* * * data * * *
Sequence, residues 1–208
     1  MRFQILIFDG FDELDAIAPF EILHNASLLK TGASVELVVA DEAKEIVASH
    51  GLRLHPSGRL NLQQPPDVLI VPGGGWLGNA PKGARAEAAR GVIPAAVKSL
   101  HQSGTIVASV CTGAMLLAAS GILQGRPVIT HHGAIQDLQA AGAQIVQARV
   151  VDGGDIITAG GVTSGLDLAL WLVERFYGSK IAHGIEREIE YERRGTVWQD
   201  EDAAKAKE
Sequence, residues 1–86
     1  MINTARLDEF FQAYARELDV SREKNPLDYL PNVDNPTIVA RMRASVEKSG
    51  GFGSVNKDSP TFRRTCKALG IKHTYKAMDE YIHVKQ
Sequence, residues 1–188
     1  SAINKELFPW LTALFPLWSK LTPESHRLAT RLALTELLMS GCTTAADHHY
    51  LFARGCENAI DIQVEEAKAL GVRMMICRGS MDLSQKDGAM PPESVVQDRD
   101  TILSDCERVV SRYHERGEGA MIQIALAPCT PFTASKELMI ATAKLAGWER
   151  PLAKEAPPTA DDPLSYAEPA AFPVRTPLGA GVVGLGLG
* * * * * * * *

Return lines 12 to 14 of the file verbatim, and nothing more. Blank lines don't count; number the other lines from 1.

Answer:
    51  LFARGCENAI DIQVEEAKAL GVRMMICRGS MDLSQKDGAM PPESVVQDRD
   101  TILSDCERVV SRYHERGEGA MIQIALAPCT PFTASKELMI ATAKLAGWER
   151  PLAKEAPPTA DDPLSYAEPA AFPVRTPLGA GVVGLGLG